Background The N-terminal pro B-type natriuretic peptide (NT-proBNP) has a well-documented prognostic value for cardiovascular disease (CVD) and higher levels are associated with cognitive-dysfunction in patients with CVD. However, how NT-proBNP relates to incident dementia and cognitive-decline in community-dwelling persons is unknown.
Methods Between 1997 and 2001, serum NT-proBNP was measured in 6040 participants (mean age 69 years, 57% women) free of heart-failure and dementia from the Rotterdam Study. Participants were continuously followed-up for incident dementia until 2012, for 56 616 person-years. Cognition was assessed at baseline and reassessed between 2002 and 2006 by Letter-Digit-Substitution-task, Stroop test and Word-Fluency test. Associations of NT-proBNP with dementia (555 cases), Alzheimer's disease (357 cases) and vascular dementia (32 cases) were assessed linearly, and in quartiles using Cox regression. Associations of NT-proBNP with cognitive-decline were assessed using multiple linear regression. All analyses were repeated after excluding patients with CVD.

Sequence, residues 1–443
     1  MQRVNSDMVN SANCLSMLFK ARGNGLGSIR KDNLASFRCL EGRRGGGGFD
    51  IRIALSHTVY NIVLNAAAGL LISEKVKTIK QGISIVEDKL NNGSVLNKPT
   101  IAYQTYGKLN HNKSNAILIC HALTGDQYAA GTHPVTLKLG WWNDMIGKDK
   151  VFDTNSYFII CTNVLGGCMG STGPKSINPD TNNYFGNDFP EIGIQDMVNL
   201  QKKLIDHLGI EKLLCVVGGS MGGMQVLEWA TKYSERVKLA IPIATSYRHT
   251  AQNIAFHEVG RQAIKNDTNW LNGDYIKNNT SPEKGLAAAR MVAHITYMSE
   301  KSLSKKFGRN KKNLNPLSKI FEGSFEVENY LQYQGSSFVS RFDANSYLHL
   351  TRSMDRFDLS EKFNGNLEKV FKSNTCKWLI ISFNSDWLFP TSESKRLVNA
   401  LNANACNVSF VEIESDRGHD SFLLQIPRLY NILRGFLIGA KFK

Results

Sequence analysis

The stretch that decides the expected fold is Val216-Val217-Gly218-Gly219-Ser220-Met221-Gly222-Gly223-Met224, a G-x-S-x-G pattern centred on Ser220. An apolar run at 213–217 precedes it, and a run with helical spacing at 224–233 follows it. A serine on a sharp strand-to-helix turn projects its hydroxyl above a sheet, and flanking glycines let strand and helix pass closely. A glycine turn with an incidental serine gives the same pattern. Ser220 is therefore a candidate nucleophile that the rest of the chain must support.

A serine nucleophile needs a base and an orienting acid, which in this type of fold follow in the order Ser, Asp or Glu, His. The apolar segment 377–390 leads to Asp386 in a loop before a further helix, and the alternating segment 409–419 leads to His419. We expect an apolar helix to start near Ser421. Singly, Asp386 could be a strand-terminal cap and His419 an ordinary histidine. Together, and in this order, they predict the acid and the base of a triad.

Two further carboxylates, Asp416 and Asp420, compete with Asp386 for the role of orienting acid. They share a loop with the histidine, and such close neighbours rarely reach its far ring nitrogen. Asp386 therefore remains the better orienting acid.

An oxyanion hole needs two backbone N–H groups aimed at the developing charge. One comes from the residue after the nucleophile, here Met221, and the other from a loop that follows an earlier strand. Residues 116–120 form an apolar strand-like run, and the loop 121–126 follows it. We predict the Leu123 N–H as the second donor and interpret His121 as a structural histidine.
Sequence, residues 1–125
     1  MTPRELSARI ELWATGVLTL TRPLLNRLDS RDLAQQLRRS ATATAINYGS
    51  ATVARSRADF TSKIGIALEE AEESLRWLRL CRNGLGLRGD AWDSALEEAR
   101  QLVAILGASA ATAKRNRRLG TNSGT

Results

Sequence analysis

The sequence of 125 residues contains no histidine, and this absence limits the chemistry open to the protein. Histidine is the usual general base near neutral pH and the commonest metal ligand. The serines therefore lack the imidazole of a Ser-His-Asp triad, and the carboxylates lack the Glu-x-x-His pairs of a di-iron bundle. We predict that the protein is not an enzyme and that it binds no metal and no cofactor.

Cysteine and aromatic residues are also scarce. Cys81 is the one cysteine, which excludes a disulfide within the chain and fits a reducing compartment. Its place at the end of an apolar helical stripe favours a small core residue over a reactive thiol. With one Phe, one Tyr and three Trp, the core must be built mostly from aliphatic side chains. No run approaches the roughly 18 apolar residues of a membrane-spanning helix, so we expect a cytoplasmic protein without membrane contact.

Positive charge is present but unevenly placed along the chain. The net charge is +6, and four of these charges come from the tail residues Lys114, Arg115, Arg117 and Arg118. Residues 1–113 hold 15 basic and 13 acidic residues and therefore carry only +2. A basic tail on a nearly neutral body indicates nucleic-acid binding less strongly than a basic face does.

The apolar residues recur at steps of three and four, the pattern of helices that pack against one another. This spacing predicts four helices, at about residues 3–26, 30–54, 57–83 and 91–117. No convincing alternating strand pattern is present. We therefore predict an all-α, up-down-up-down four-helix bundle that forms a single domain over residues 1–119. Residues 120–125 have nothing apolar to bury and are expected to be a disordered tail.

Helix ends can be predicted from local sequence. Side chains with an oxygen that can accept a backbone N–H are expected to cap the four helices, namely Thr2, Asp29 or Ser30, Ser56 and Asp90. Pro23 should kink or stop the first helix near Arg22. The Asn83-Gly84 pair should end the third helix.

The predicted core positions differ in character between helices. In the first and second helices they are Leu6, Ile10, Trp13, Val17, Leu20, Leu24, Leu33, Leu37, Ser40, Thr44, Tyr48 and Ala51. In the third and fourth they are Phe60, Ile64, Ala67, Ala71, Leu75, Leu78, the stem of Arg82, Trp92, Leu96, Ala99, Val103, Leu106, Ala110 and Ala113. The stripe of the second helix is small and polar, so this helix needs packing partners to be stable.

Results Higher NT-proBNP was associated with a higher risk of dementia, even after excluding patients with CVD and adjusting for cardiovascular risk factors, HR per SD 1.27 (95% CI 1.13 to 1.44). Associations were particularly strong for vascular dementia, HR per SD 2.04 (95% CI 1.18 to 3.55), but also for Alzheimer's disease when comparing the second and third quartile with first. Higher NT-proBNP was cross-sectionally associated with poorer performance in multiple cognitive tests but longitudinally only in Letter-Digit-Substitution-task.
Conclusions NT-proBNP reflecting subclinical CVD is associated with dementia, particularly vascular dementia. NT-proBNP can be a useful marker of imminent cognitive-decline and dementia in absence of clinical CVD.
- ALZHEIMER'S DISEASE